The First Fifteen: How Asian American Women Became Federal Judges (Hardcover)

The First Fifteen: How Asian American Women Became Federal Judges By Susan Oki Mollway Cover Image

The First Fifteen: How Asian American Women Became Federal Judges (Hardcover)

$29.95


Special Order—Subject to Availability
In 1998, an Asian woman first joined the ranks of federal judges with lifetime appointments. It took ten years for the second Asian woman to be appointed. Since then, however, over a dozen more Asian women have received lifetime federal judicial appointments.
 
This book tells the stories of the first fifteen. In the process, it recounts remarkable tales of Asian women overcoming adversity and achieving the American dream, despite being the daughters of a Chinese garment worker, Japanese Americans held in internment camps during World War II, Vietnamese refugees, and penniless Indian immigrants. Yet The First Fifteen also explores how far Asian Americans and women still have to go before the federal judiciary reflects America as a whole. 
 
In a candid series of interviews, these judges reflect upon the personal and professional experiences that led them to this distinguished position, as well as the nerve-wracking political process of being nominated and confirmed for an Article III judgeship. By sharing their diverse stories, The First Fifteen paints a nuanced portrait of how Asian American women are beginning to have a voice in determining American justice.
SUSAN OKI MOLLWAY has been a federal judge in the District of Hawaii for over twenty years, serving as the chief judge of the district from 2009 to 2015. Before entering the judiciary, she graduated cum laude from Harvard Law School in Cambridge, Massachusetts, then worked as a civil litigator and later earned an LL.M. from Duke University in Durham, North Carolina.
Product Details ISBN: 9781978824515
ISBN-10: 1978824513
Publisher: Rutgers University Press
Publication Date: September 30th, 2021
Pages: 270
Language: English
"The history and stories captured by Susan Oki Mollway not only preserve an important history of Asian American women in the federal judiciary, but also hopefully encourage more Asian American and other women to put themselves forward for nomination by demystifying the process. The book explores the fascinating back stories of these amazing women beyond their official bios."
— Karen K. Narasaki

“At a time when the importance of having federal judges with diverse life experiences and perspectives never has been more apparent, Susan Oki Mollway’s accounting of the paths followed by our nation’s first fifteen Asian American and Pacific Islander women judges is especially illuminating. In granular detail, it describes the attributes, talents and circumstances that enabled each of its subjects to overcome barriers and become a leader in the federal judiciary.”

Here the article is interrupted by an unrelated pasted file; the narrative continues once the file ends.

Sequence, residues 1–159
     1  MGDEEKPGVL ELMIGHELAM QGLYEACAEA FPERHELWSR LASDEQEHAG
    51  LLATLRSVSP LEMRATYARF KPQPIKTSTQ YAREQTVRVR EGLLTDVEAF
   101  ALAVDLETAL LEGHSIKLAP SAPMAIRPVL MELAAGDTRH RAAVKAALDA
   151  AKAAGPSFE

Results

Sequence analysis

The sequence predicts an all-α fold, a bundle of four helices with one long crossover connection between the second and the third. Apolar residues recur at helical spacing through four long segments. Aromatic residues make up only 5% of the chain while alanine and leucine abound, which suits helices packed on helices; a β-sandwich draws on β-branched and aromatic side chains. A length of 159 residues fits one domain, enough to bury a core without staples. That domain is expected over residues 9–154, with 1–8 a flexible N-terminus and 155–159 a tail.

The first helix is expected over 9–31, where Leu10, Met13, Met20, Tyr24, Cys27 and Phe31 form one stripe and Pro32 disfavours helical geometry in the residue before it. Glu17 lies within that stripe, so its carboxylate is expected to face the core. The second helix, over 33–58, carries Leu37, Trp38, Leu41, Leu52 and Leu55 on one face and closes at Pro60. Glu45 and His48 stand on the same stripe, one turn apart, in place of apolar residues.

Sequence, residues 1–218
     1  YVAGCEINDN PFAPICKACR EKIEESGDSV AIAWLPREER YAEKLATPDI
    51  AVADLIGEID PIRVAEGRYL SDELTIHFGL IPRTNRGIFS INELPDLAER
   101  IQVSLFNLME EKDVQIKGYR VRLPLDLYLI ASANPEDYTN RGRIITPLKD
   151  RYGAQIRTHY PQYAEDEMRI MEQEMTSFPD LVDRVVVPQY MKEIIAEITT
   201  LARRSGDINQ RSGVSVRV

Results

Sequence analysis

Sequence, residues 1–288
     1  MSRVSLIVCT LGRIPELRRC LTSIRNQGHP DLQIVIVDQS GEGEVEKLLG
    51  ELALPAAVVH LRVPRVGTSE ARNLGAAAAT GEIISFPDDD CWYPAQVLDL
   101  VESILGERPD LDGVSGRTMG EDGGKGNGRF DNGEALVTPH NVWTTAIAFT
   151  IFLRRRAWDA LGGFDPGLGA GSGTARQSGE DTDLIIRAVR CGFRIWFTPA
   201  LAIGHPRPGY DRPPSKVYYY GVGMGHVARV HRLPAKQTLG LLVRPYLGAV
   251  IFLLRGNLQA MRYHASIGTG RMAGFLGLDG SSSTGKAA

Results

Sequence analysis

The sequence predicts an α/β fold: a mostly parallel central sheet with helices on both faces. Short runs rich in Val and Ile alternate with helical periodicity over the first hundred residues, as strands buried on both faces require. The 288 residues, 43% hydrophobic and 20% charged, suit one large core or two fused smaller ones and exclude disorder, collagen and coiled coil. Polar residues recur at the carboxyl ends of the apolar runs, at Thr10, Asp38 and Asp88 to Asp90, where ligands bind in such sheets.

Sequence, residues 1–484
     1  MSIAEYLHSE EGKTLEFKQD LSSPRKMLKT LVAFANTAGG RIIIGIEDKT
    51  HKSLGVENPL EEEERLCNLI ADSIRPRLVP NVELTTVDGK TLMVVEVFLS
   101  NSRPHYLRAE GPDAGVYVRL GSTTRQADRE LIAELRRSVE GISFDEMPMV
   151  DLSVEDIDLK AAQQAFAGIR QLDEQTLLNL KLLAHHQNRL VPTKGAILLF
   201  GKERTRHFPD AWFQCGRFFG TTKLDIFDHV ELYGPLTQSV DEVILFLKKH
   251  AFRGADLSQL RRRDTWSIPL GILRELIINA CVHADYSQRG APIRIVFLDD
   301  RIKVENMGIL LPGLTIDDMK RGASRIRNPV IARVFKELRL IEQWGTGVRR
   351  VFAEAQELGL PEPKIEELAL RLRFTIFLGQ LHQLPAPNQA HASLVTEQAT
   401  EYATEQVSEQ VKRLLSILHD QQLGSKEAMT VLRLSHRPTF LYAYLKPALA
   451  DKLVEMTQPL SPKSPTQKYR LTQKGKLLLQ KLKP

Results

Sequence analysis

— Hon. Jeremy Fogel (ret)

The First Fifteen shares the powerful narratives of the first Asian American women to become Article III judges, with a focus on their pathways to the federal bench. Through meticulous and thoughtful analysis, Susan Oki Mollway goes far beyond biography to also suggest common background and character traits, reflect on diversity in the judiciary, and recognize the external forces that contributed to their success. The First Fifteen should be required reading for everyone interested in federal courts, issues of diversity, gender studies, and Asian Americans.”
— Meera Deo

"Interview: Judge Susan Oki Mollway (’20) on her Duke Law thesis becoming a book"
— Duke Law: Bolch Judicial Institute

"The history and stories captured by Susan Oki Mollway not only preserve an important history of Asian American women in the federal judiciary, but also hopefully encourage more Asian American and other women to put themselves forward for nomination by demystifying the process. The book explores the fascinating back stories of these amazing women beyond their official bios."
— Karen K. Narasaki

“At a time when the importance of having federal judges with diverse life experiences and perspectives never has been more apparent, Susan Oki Mollway’s accounting of the paths followed by our nation’s first fifteen Asian American and Pacific Islander women judges is especially illuminating. In granular detail, it describes the attributes, talents and circumstances that enabled each of its subjects to overcome barriers and become a leader in the federal judiciary.”   
— Hon. Jeremy Fogel (ret)

The First Fifteen shares the powerful narratives of the first Asian American women to become Article III judges, with a focus on their pathways to the federal bench. Through meticulous and thoughtful analysis, Susan Oki Mollway goes far beyond biography to also suggest common background and character traits, reflect on diversity in the judiciary, and recognize the external forces that contributed to their success. The First Fifteen should be required reading for everyone interested in federal courts, issues of diversity, gender studies, and Asian Americans.”
— Meera Deo

"Interview: Judge Susan Oki Mollway (’20) on her Duke Law thesis becoming a book"
— Duke Law: Bolch Judicial Institute